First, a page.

Tuesday, March 22, 2011

Sacculina carcini

Succulina carcini starts life as a harmless little critter who lives a care-free life exploring the busy world of the planktonic drifts. Its larvae look like something H. R. Geiger would have created if he went through a cute phase.

Who’s an adorable little Cthulian horror?

But just like any spawn of an Elder-God, there comes a time when they just want to settle down. So the females search for the perfect home to eventually raise their own brood of Lovecraftian abominations. But not any home will do, no, the females are very picky about where they make settle. In this case it is an unsuspecting crab.

Hello mister crab! Doesn’t he look happy?

It is now that Succulina swims underneath our happy little crab there and using a needle on the rear of its body injects a cluster of cells into the crab and simply discards with the remaining 90% of its body. As if this were not disturbing enough, the protoplasmic blob that is left over begins growing tendrils throughout the body, including the brain and around the eye stalks. It uses these nightmarish appendages to leach nutrients from our once happy crab. Eventually a cancerous blob begins to grow on the underside of our once care-free crab. Known as the externa, this is the egg sack of our once terrifying yet oddly cute free-swimming friend.

Holy Hell! What did you do to Mister Crab?!

But the cancerous abomination and internal leech tentacles are not the worst part. Yes, it really can get worse. Remember when I said they grow all the way to the brain? Well there is a very specific reason for this. This is because it needs to take over the mind of its unwitting host. It stops the crab from molting (as this would cause it to shed the externa) and just grow and grow. It changes its habits so all it does is eat and carefully groom the cancer pouring out of its carapace like it is its own egg sack. It doesn’t even matter if it was a female crab that was infected either. Sacculina will just change the hormone levels of a male crab so that its underside grows wider like a female (all the better for the externa to grow). It also effectively sterilizes the crab so that it never has any interest in any other crab. It just eats and grooms the progeny of The Blob. When the eggs are finally ready to hatch, Sacculina takes further control of the crab, forcing it to walk into shallow water and shake open the externa so that all the little larvae may swim free in a horrifying imitation of the crab’s own ritual of releasing its eggs. This completes Sacculina’s life cycle with thousands of tiny larvae off to find crabs of their own to infect. And just to make matters just a tiny bit worse, Sacculina is actually just a specialized form of barnacle. Try looking at those ubiquitous shore side critters again.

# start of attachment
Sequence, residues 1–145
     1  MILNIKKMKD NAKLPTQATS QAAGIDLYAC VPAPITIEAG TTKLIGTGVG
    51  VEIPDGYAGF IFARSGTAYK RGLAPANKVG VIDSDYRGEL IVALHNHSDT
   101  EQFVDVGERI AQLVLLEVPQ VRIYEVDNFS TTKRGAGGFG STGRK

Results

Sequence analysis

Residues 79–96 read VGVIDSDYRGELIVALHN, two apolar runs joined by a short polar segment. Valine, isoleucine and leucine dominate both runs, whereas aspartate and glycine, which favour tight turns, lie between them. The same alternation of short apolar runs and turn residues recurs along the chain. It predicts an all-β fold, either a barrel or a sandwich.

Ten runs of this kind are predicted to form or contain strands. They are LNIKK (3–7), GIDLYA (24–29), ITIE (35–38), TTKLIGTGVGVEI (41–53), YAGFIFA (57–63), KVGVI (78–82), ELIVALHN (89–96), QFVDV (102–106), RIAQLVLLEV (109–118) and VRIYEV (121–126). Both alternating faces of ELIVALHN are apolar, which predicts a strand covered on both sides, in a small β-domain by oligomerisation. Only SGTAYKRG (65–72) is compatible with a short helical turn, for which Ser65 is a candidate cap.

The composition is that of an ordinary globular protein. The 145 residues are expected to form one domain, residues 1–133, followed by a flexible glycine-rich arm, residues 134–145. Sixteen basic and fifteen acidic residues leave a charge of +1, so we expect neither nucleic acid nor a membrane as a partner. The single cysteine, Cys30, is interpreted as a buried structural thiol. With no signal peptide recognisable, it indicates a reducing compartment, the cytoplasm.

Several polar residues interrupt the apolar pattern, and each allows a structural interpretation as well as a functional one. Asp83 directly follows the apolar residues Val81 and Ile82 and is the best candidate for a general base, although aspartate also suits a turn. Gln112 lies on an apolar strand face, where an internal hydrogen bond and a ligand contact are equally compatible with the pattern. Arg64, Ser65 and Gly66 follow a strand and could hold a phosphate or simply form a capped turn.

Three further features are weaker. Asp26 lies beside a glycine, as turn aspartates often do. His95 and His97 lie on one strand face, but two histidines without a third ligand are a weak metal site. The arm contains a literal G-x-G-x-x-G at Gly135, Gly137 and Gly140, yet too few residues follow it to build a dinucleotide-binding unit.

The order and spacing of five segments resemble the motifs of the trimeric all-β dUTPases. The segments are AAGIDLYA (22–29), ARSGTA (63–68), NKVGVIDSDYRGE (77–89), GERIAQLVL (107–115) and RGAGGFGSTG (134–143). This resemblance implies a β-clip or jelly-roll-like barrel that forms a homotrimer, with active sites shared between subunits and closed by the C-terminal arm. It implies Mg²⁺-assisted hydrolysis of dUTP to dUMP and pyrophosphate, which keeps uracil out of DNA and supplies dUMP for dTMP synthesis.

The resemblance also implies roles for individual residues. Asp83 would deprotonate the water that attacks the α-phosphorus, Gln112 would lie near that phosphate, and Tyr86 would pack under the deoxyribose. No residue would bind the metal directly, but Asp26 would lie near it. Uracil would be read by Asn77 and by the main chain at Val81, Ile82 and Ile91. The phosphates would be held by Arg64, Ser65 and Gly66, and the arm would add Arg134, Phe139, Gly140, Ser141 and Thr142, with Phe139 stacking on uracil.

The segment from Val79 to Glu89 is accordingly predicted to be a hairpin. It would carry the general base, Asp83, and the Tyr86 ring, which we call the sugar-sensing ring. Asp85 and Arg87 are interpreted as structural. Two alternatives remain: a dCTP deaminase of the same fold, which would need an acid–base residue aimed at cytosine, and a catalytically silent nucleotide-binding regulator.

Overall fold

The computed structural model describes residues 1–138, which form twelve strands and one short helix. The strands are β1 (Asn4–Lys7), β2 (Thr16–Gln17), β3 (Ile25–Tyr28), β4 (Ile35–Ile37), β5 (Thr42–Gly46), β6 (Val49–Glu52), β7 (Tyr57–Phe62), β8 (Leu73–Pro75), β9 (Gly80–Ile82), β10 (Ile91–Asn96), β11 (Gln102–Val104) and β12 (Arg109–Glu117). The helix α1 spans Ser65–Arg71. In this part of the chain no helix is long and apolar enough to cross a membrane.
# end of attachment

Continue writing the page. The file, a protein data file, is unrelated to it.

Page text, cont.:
Zimmer, Carl. Parasite Rex
Facebook Digg Stumble Delicious Twitter Reddit Technorati


Ahab said...

The horror. What happens to the crab once the larvae are released? Is the crab too weakened from the parasitic infestation to continue living?

Cyc said...

Actually it is not uncommon for a Sacculina infected crab to live long enough to nuture multiple broods of the parasite. While the infestation is extensive, Sacculina only takes away as much nutrients as it needs for its own survival and the growth of its spawn. Since the once happy crab now spends all of its time eating and grooming and not much else, there is plenty of energy to go between the two.

This is similar to how snails infected by other sterilizing parasites grow far larger than their 'clean' counterparts. It really is amazing how much energy animals devote to reproduction.